Thursday, 6 April 2017

Crusty old misery-guts of the day (Ros Altmann edition)...

Doctor Rosalind Miriam Altmann (or Baroness Ros Altmann to her friends) has an inactive FCA registration.  So I'm not sure why she is giving financial advice in the Mail Online, but she is anyway and has joined the ranks of the bitter over 40's who want to get the Lifetime ISA binned because they are miserable about being nearly dead too old to qualify for the free £1,000 per annum.

Apparently she "... worries that young people who open one for any reason other than the short-term goal of buying a home will blight their finances for their whole lives."  Heavy stuff?  Well the ex-pensions minister claims "...using this as a pension has significant dangers you may not be aware of" and that the LISA "... is a complex product which could leave millions of young people poorer in retirement."

As per usual, Ros claims that the under 40's are too thick to understand they will lose any employer contribution if they opt out of workplace schemes in favour of the LISA.  Whilst she claims to support the Help to Buy ISA, she hypocritically states that young people desperate to buy property will shun pensions saving in order to save a deposit.  But this is only the start of the doublethink.

You see LISA's will hurt high rate taxpayers under 40.  Too stupid to work out that a 40% tax rebate is more than a 20% bonus, in the world according to Ros, the top earning 15% or so of the population will save in the wrong product.  But then again LISA's will only benefit the rich.  Because the basic rate taxpayers who can afford to use a LISA (with its minimum £25 a month contribution) after paying into an occupational pension scheme are rich aren't they?  Or God Forbid! people's parents will give them money.

The usual guff about the 25% penalty for early withdrawal(*) is trotted out too.  But the best bit, the real icing on the cake is this beauty:

"...pensions are taxable on withdrawals beyond the 25 per cent tax-free lump sum in later life. This deters people from spending the money too soon, which is the right behavioural incentive.
The incentive with a Lifetime Isa will be to take all the money out around age 60, and have nothing left for your 80s - in other words, the features of the Lifetime Isa mean it is designed NOT to last a lifetime."

Yes, the fact that for a basic rate taxpayer, LISAs are tax free on the way in AND on the way out is a disadvantage of the product!  Well I opened mine with Hargreaves Lansdown this morning and I'd encourage anyone else under 40 to do the same thing.

The banksters probably want get the policy binned in favour of more direct subsidies like Help to Buy where bonuses are only paid when the punter takes out a bank loan.  Whilst miserable old gits like Ros would quite simply rather the money was spent on people over 40 like themselves.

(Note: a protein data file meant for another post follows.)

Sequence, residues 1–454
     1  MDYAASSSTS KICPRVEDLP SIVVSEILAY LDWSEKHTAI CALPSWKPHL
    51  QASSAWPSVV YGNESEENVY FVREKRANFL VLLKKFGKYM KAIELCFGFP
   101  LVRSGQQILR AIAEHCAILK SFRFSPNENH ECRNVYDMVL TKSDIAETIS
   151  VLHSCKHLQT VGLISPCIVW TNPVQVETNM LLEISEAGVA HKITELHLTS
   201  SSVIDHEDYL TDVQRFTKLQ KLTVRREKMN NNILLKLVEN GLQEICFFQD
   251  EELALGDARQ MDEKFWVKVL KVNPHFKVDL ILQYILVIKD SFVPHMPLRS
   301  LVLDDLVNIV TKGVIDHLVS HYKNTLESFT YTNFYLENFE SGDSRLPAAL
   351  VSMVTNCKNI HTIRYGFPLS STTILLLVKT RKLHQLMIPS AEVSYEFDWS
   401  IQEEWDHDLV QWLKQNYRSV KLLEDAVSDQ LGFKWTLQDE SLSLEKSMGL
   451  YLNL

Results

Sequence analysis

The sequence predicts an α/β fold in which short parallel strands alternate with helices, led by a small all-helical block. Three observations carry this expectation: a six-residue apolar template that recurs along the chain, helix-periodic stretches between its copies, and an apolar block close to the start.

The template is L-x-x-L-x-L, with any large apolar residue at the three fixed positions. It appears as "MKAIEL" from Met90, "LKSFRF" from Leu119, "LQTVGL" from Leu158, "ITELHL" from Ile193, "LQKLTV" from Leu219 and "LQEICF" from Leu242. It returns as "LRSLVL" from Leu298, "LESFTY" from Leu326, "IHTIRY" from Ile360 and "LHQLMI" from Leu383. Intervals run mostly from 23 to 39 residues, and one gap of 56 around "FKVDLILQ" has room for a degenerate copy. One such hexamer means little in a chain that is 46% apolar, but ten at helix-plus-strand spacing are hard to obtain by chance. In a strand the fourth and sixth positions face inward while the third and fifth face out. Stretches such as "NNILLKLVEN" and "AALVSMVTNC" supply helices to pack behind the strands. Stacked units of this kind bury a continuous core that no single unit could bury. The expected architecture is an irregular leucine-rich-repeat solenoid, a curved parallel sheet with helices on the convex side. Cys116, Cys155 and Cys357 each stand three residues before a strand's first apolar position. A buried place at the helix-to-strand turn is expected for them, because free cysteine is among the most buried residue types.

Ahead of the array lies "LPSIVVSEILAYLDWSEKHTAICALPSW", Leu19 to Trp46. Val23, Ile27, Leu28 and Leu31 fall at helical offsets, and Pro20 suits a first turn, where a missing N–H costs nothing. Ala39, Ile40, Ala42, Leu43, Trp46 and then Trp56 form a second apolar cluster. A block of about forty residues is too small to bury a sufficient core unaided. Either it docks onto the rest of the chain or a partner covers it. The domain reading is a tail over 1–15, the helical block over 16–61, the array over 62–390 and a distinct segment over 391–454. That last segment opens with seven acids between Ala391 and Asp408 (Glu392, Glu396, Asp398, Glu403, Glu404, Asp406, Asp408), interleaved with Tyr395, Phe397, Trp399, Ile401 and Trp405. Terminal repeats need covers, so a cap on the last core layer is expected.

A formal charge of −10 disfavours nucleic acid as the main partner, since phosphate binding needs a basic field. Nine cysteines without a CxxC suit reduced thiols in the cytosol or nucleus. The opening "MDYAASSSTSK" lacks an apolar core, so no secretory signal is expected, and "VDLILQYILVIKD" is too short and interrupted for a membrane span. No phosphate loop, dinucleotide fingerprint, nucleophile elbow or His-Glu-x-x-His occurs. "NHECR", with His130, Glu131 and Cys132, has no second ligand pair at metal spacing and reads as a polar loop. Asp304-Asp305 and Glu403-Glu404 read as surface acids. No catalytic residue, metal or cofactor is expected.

Of course the other drawback for the establishment is that if young people start paying attention to global financial markets, they might notice things like UK house prices being flat to down in all other major currencies over the last decade. Or that the US stock market has returned 250% since April 2007 in pounds sterling terms - yes, 250% even if you invested before the crash.  And we can't have that can we?  Who will buy all the overpriced houses from coffin-dodgers like Ros?

(*)pensions have a much greater 55% penalty for early withdrawal and £billions has been lost to pensions liberation scams because the government are too crap to regulate the pensions industry, but HMRC do still send the 55% bill to the fraud victim.


Mark Wadsworth said...

LISA is a load of Homey shite, but if her objections are "it will hurt the rich" "it will hurt the poor" " it will hurt the young" and "it will hurt the over-40s" sound like Killer Arguments Against, to me.

Steven_L said...

Homey shite or otherwise, it's obviously a better product for a basic rate taxpayer than a 2nd pension. It's tax free on the way in like a SIPP and the way out like an ISA. But there is a big campaign going on to say it is worse than a pension and dangerous and should be binned.

Mark Wadsworth said...

SL, yes, for a lot of people it's clearly best of both worlds. Still Homey white.

Mark Wadsworth said...


Rich Tee said...

Seems like age discrimination to me. Under the Equality Act 2010, a private business mustn't treat any customer unfavourably because of their age.

How am I supposed to take a government seriously if it directly violates the principle of its own legislation?

Lola said...

Yes, the LISA is a 'no brainer'. Quite honestly it's a gift - but if you choose the wrong one the bulk of the tax breaks will be gobbled up by the provider.

And if it becomes the deposit funder of choice for homebuyers all those tax breaks will go into land rents.

Personally, and I work in this business, I just wish they'd shut down all these boondoggles - LISA, Help to Buy ISA, Junior ISA, EIS, VCT, funds that exploit BPR for IHT planning, etc. etc. and restrict contribution tax relief on pension to the basic rate. The only one I'd keep would be the basic ISA. Not for the tax breaks, but because it simplifies everything. And simplification always saves money.

mombers said...

@RT The list of age discrimination crimes that the government commits is long. Higher tax rates on the under 65s. Free bus passes. TV licences. Free money aka state pension or tax credit, etc.

Steven_L said...

if it becomes the deposit funder of choice for homebuyers

I think it'll be a long time before 'young savers' can outbid 'bank of mum and dad'.